The German biologist and agronomist Professor Dr. Bernhard Husfeld (1900-1970) studied at the Berlin Agricultural College. In 1923 he became assistant to Dr. med. Erwin Baur (1875-1933) at its Institute for Inheritance Research. This transferred in the task to convert the knowledge of heredity into the vine breeding. In 1928 Baur founded the department for vine breeding in Müncheberg (Mark Brandenburg ) as a branch office of the Kaiser Wilhelm Institute for Breeding Research (KWI). Baur led the Resistance breeding and entrusted his assistant. Husfeld earned his doctorate in 1932 with a thesis on the breeding of plasmopararesistenter vines (Falscher mildew ). After the death of Baur Husfeld became in 1933 interim director of the institute and after the appointment of dr. Wilhelm Rudorf (1891-1969) in 1936, his deputy. He initiated an extensive breeding program with the goal of an "ideal vine".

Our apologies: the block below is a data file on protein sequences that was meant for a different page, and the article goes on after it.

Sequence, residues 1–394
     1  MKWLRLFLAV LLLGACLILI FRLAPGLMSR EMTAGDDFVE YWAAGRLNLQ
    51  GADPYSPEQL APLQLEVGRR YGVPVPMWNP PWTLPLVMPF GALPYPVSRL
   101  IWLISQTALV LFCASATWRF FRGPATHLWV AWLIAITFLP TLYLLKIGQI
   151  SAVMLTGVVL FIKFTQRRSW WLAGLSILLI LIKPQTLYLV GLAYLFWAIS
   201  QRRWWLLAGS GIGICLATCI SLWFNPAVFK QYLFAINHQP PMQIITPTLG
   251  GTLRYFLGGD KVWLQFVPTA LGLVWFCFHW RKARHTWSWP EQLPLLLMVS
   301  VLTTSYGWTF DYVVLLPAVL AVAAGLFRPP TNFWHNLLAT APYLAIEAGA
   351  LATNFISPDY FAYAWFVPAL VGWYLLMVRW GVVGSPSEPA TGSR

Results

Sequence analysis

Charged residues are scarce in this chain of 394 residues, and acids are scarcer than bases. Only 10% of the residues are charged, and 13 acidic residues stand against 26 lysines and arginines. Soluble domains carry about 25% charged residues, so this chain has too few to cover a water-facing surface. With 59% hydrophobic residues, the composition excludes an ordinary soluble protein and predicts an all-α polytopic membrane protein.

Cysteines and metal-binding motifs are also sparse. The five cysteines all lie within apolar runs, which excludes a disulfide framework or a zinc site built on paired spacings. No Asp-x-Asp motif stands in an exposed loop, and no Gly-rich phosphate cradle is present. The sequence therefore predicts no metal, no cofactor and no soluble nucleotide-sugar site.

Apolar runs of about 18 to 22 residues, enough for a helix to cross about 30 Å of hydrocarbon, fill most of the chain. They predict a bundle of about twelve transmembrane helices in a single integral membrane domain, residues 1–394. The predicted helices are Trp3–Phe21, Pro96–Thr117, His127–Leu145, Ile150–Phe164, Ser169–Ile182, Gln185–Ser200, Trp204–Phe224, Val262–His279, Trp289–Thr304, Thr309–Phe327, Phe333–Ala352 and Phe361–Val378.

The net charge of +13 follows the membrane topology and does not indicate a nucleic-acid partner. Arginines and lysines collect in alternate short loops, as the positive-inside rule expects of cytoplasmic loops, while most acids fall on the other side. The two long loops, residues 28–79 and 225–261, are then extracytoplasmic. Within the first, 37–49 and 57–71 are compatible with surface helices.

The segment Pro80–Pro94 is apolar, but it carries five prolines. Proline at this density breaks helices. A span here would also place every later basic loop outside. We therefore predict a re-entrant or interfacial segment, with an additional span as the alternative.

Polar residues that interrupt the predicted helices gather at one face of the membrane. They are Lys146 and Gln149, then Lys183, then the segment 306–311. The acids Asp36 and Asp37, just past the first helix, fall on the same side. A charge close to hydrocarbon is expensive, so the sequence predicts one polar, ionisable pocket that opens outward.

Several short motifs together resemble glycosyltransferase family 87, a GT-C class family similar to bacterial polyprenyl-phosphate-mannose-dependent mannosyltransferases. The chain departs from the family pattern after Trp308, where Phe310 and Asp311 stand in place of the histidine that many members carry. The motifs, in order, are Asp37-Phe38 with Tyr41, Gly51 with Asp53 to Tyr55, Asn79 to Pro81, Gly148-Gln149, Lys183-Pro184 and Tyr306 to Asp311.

In 1942, the former department of vine breeding was outsourced from the Kaiser Wilhelm Institute independent institution for vine breeding research under the leadership of Husfeld continued. From Husfeld's breeding work, among other things, significant varieties were important in terms of resistance to fungi Aris. Castor. Pollux and Siegfriedrebe out. After the end of the war, resistance breeding in Müncheberg had to be stopped in 1945 and Husfeld succeeded in breeding his breeding material from Müncheberg Geilweilerhof in Siebeldingen-Pfalz. The "Research Society for Vine Breeding" founded by him leased the Geilweilerhof and founded the "Research Institute for Vine Breeding". He also designed a widely recognized organization for the taxonomy (Descent) of the vine or a Vines systematics, After Husfeld's death in 1970, his successor, Dr. Gerhardt Erich Alleweldt (1927-2005) the line.